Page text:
3- Command Presence: To wear the uniform or pin you must exhibit command presence to represent. Being physically fit demonstrates your commitment and dedication as an individual and then as a team member because of the high standards that you are required to maintain.
4- Desire: It truly takes a special kind of law enforcement officer to accept the role of a motor officer. The desire to seek a new approach in conducting business, a fresh opportunity to learn and of course the tactical techniques used to solve problems.
4- Professionalism: Ensure that everyone around you has a positive opinion of you as an individual which will then have the same opinion of the team.
Your agency has a large investment in you and the team, education, equipment, experience and training just to name a few. Just like our personal financial investments preparing for our families future this total investment made by the agency is preparing you for that one day.
At the Broward Sheriff’s Office we have 54 motor deputies who ride 2008 Harley-Davidson Road Kings that we lease from Fort Lauderdale Harley-Davison which carries a large monthly investment and commitment from the agency.
Agency investment continues with a two week intensive basic motorcycle training program followed by a four week field training program. If the deputy successfully completes all six weeks then they are assigned a motor position. From that point they are scheduled to attend eight hours of in-service training every month, annual day and night qualifications, eight hours of firearms training with the motorcycle and eight hours of traffic stop scenarios to test their ability and skill in force on force realistic scenarios.
Now remains the individual deputy equipment investment; Super Seer Helmet with wireless SET COM, Sam Browne, long and short sleeve shirts to include an “honor guard” shirt used specifically for special events, five pairs of breeches, quality reflective rain gear and motorcycle boots.
It’s difficult to measure the actual training costs for each deputy but without question we can easily use the word “high” then adding in approximately $3500.00 for the total start up costs for each motor deputy the investment is large. And let’s not forget the monthly payment for the motorcycle lease.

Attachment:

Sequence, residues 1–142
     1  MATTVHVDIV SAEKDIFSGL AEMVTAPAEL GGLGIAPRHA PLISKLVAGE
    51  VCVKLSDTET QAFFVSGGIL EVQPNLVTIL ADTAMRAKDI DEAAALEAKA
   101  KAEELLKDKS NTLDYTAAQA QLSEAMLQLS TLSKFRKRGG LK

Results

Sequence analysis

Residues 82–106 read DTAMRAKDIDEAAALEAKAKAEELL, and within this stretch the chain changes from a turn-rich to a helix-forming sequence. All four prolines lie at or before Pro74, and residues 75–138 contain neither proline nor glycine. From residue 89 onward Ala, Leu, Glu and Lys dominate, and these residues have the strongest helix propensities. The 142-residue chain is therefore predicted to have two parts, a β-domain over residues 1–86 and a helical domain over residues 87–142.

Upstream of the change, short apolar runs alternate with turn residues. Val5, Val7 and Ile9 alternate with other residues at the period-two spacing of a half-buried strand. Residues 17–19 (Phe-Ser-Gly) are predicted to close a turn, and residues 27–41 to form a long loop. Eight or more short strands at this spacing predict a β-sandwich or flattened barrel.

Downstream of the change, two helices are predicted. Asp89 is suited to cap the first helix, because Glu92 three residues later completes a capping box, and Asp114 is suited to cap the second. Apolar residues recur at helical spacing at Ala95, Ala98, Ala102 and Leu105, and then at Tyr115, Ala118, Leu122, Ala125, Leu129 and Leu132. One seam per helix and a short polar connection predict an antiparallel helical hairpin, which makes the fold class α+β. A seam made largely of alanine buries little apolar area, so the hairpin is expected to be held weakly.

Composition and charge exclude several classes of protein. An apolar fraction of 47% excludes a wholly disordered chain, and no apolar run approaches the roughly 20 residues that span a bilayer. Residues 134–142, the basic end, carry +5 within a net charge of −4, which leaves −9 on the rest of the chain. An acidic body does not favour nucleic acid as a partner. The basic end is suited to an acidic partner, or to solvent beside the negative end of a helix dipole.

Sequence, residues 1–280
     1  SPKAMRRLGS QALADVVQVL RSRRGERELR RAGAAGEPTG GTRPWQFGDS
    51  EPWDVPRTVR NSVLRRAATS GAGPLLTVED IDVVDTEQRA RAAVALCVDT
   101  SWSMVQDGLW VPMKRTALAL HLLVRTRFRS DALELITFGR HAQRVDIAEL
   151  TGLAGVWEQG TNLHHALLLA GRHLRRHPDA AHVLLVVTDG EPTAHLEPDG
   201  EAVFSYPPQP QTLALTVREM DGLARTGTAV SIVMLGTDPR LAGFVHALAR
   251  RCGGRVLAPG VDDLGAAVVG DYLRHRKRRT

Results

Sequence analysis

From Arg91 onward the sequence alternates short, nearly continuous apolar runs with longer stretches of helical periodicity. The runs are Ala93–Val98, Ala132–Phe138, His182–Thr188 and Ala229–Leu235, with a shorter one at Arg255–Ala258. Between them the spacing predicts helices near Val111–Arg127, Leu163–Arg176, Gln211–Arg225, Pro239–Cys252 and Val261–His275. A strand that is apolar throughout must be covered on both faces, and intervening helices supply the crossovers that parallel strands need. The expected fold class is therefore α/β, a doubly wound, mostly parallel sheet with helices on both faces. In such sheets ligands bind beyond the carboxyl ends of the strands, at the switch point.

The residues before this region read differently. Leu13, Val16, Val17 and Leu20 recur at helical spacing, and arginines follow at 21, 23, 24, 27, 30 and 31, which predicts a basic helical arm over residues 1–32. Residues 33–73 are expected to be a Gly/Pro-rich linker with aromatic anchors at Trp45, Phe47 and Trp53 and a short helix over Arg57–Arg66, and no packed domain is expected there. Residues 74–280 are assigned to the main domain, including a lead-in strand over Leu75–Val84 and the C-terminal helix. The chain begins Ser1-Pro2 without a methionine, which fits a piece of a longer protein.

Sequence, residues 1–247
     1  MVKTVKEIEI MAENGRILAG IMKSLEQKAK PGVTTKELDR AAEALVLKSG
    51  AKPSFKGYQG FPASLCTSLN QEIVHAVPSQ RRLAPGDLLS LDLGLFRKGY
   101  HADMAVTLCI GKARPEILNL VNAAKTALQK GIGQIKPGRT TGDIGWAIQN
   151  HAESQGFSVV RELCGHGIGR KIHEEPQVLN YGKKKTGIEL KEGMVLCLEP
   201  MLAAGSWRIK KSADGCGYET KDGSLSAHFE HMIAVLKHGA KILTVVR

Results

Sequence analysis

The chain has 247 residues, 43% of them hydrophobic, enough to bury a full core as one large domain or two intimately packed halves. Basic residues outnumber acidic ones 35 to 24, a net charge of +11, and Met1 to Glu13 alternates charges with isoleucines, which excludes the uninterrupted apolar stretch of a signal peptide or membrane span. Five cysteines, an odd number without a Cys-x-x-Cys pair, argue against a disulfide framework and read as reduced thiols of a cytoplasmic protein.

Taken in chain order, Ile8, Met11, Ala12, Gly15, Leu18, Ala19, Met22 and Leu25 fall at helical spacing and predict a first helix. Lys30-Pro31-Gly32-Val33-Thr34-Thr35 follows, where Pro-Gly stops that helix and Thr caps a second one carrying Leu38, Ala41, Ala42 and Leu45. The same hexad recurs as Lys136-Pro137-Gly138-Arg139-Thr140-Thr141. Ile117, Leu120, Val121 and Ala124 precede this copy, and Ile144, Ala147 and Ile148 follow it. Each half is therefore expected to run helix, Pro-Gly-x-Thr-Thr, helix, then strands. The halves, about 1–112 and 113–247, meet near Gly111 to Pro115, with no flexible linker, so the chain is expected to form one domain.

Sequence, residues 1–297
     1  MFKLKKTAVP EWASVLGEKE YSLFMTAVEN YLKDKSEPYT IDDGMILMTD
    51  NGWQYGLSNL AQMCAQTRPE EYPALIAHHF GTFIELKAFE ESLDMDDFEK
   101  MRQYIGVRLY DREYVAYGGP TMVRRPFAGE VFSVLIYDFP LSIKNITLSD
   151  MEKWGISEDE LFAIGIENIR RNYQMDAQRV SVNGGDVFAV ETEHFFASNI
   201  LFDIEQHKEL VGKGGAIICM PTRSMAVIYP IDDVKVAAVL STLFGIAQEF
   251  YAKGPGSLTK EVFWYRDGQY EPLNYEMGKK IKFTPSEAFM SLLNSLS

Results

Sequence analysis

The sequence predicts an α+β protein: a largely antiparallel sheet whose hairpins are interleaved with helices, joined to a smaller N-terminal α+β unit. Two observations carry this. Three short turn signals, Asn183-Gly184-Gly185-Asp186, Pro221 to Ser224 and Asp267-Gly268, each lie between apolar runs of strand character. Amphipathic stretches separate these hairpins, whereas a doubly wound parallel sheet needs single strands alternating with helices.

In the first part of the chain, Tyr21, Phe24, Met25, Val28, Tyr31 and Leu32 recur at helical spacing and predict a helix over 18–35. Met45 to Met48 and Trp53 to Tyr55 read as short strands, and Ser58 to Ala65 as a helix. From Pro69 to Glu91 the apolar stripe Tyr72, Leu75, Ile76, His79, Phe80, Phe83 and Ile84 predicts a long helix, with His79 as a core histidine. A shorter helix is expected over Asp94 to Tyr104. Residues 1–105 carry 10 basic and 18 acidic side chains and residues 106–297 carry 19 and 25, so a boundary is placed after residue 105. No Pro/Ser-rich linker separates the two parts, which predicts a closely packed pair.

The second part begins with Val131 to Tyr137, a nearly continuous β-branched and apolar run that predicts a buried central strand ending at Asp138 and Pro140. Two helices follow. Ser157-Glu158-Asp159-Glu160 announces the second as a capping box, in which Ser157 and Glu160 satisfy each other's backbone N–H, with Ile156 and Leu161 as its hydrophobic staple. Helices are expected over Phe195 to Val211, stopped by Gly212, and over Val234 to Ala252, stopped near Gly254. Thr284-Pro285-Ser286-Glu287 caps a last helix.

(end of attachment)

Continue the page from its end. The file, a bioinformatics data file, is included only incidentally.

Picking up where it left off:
Most articles written for motor officers discuss training issues, accident avoidance exercises, escort procedures and various operational concerns. But how many discuss the personal ethics, leadership and values of the team members. Whether you’re a local, county or state a part-time or full-time team motor officer your personal character will be displayed by your actions, behavior and conduct.
Being part of a special team is an honor and you have a choice to “walk the walk” or be the guy with the chip on his shoulder who is a member of a team with an attitude. If you are that one I hope your leadership is strong enough to make an immediate impact by correcting the attitude or removing you from the unit.
Find your bearing: Bearing is general appearance, carriage, deportment and conduct. This is the ability to look, act and speak like a leader. It is an essential element in a leader’s effectiveness and should be cultivated by maintaining impeccable personal appearance, avoiding profane or vulgar language, keeping your word, holding your temper, speaking clearly and walking erect.
Copied from the: United States Marine Corps Leadership Traits.
Make the choice.
Jim Polan is a 27 year veteran of law enforcement and a Captain with the Broward Sheriffs Office in Fort Lauderdale, Florida. Captain Polan is assigned to the Specialized Operational Services Division which includes the Motorcycle Unit.